January 7, 2019 - 12:22 pm
Updated January 7, 2019 - 9:46 pm
Hey Google, Apple is taking a jab at you. The maker of mobile phones and laptops is adding a twist to Las Vegas’ famous slogan during CES to highlight its privacy regulations.
A large billboard across the street from Google’s outdoor pavilion at the Las Vegas Convention Center reads, “What happens on your iPhone, stays on your iPhone,” referencing controversies tied to data protection at Google, Facebook and other industry peers.
Apple does not have an official presence at the show, which runs Tuesday through Friday, but its products are in at least 13 booths, according to the CES website.
More than 180,000 attendees are expected to attend Las Vegas’ largest annual convention.
#Apple takes out big ad and uses twist on Vegas slogan to take swipe at other social media companies at #CES2019. “What happens on your iPhone stays on your iPhone” sign above Google’s large outdoor pavilion. #cesblog pic.twitter.com/gnrOJahxBy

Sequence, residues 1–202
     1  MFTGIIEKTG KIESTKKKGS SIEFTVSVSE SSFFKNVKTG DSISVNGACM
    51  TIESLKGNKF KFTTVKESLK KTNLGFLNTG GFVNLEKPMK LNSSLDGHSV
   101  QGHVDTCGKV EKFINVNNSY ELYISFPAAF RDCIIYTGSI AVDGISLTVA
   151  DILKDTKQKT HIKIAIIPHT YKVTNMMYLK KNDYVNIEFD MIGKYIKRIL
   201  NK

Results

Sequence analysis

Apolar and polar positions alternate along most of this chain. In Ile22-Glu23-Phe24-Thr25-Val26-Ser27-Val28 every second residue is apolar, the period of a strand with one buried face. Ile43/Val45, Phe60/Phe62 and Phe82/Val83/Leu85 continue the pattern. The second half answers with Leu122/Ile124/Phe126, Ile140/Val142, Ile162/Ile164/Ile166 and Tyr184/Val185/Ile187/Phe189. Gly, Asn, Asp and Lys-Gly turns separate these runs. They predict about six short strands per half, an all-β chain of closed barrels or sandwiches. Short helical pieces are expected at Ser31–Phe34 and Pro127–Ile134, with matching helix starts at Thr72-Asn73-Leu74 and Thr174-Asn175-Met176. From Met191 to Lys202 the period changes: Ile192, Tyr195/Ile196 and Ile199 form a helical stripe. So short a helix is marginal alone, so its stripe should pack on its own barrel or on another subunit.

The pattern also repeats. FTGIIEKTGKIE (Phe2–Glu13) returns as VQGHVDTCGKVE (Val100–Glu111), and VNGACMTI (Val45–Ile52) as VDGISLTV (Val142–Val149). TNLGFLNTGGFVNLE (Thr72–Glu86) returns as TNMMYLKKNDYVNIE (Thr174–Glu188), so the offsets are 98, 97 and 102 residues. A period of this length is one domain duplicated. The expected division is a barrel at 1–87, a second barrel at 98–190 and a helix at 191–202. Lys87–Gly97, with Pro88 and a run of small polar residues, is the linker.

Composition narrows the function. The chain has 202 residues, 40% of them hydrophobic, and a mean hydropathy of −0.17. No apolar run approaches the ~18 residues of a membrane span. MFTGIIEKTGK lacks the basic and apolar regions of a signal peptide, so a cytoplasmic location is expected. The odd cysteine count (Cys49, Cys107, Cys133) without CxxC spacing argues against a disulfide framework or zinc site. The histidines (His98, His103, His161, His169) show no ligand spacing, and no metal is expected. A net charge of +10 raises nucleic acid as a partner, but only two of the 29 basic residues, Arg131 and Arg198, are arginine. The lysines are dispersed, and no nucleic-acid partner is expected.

— Todd Prince (@toddprincetv) January 7, 2019
Data privacy and protection is an important theme this year at CES, which bills itself as the largest technology trade show in the world.
Data is the oil that greases artificial intelligence, the technology behind many of the products at the show. Speakers at a panel on autonomous vehicles Monday highlighted privacy concerns as one of the issues the auto sector has to deal with as it transitions to smart cars.
Facebook and Google use consumer data to better target advertisements, which accounts for a huge part of their revenue. That usage has come under greater scrutiny after reports of misuse last year.
Google executives said at a Senate hearing in September that the company had “made mistakes” with privacy.
Facebook confirmed Cambridge Analytica used its platform to collect data on as many as 87 million users, promoting more calls for regulation of social media sites.
When asked about the Cambridge Analytica scandal, Apple CEO Tim Cook said his company would never have gotten itself into such a problem.
“The truth is, we could make a ton of money if we monetized our customer — if our customer was our product. We’ve elected not to do that,” Cook told MSNBC last March.